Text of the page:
An Orthodox Proto-Zionist remembered…

by Maskil on 16 Oct 2007

One can only wonder how much stronger the Jewish State might have been (and how many lives might have been saved) had more Jews (both Orthodox and Reform) heeded Rabbi Zevi Hersh Kalisher’s call. There is still much that is still relevant here…

When the Orthodox did finally commit to Zionism, much of the effort went into settlements across the Green Line. Sadly, this settlement enterprise has proved to be an unmitigated disaster for Israel and for the Jewish people as a whole. What should have brought the secular/traditional and national-religious together under the banner of Zionism has divided us as never before.

1874 (5 Cheshvan 5605): On the secular calendar, the anniversary of the death of Rabbi Zevi Hersh Kalisher. Born in 1795 in the Polish town of Lissa that had just become part of Germany, Kalisher was unique because he was an Orthodox Rabbi who believed that Jews develop a practical program for returning to Eretz Israel instead of just waiting for the coming of the Messiah. In 1860, he published Derishat Tziyyon, his blueprint for the return to the Holy Land. Almost forty years before the advent of Herzl and Zionism he called for a systematic purchase of land, the development of agriculture, the development of a self-defense force and the need to develop viable businesses to replace the charitable institutions that traditionally supported the Jews in Palestine. The Reform opposed Kalisher because of the nationalist content of the proposal. The Orthodox saw it as a form of blasphemy. One of the practical results of his work was the establishment of Mikveh Israel, a school located near Jaffa, designed to treat the new generation of pioneers the scientific agricultural skills that would enable them to reclaim the land.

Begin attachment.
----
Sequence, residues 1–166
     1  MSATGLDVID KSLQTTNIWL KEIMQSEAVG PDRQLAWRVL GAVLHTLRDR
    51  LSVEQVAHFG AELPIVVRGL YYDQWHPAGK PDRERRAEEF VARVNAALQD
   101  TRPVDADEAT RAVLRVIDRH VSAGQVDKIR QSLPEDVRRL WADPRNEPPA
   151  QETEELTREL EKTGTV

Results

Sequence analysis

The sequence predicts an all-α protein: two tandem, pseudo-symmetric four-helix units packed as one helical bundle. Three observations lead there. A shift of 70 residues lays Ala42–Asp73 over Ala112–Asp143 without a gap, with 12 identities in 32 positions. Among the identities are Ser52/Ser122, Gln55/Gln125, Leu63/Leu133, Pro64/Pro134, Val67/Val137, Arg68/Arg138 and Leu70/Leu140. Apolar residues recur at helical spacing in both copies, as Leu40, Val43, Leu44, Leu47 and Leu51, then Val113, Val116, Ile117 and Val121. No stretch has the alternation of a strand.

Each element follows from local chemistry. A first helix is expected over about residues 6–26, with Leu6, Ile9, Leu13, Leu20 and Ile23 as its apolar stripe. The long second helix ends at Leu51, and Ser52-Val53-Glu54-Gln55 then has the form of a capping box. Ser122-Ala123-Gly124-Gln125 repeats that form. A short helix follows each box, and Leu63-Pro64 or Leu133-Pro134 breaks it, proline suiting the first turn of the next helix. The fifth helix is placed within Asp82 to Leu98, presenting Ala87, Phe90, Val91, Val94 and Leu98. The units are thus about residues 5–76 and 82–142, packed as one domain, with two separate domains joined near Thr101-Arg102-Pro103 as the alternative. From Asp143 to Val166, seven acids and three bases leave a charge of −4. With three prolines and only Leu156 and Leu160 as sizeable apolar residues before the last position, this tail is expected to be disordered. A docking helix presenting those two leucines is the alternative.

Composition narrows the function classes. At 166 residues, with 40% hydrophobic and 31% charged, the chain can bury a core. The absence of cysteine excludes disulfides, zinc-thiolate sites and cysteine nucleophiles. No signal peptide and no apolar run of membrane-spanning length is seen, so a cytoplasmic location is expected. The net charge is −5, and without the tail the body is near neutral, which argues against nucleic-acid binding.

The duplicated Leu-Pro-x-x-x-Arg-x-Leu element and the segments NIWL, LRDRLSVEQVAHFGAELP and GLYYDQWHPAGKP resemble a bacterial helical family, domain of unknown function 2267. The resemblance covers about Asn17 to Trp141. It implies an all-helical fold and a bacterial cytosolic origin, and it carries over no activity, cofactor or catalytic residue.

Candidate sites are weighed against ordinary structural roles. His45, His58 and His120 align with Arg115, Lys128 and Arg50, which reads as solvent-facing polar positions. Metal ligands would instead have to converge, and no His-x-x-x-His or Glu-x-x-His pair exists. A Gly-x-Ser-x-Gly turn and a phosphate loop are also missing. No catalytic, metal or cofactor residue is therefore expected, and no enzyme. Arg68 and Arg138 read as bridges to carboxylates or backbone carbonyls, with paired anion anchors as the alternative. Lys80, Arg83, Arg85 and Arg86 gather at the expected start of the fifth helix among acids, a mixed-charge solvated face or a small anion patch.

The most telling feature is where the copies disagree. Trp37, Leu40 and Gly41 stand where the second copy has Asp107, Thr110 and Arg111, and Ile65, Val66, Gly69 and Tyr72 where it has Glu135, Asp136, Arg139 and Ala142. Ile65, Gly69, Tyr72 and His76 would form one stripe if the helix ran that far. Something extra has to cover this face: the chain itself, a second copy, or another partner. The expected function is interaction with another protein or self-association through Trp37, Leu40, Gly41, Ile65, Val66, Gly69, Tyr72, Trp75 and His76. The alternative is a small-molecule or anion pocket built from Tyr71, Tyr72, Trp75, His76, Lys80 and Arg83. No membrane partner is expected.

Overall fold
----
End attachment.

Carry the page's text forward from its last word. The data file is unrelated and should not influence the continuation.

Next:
This Day … In Jewish History: This Day, October 15, In Jewish History

Kalischer’s essay “Seeking Zion” was included in Arthur Hertzberg’s absolutely invaluable reader “The Zionist Idea”, which is still in print.

The Zionist Idea: A Historical Analysis and Reader

Previous post:

Next post: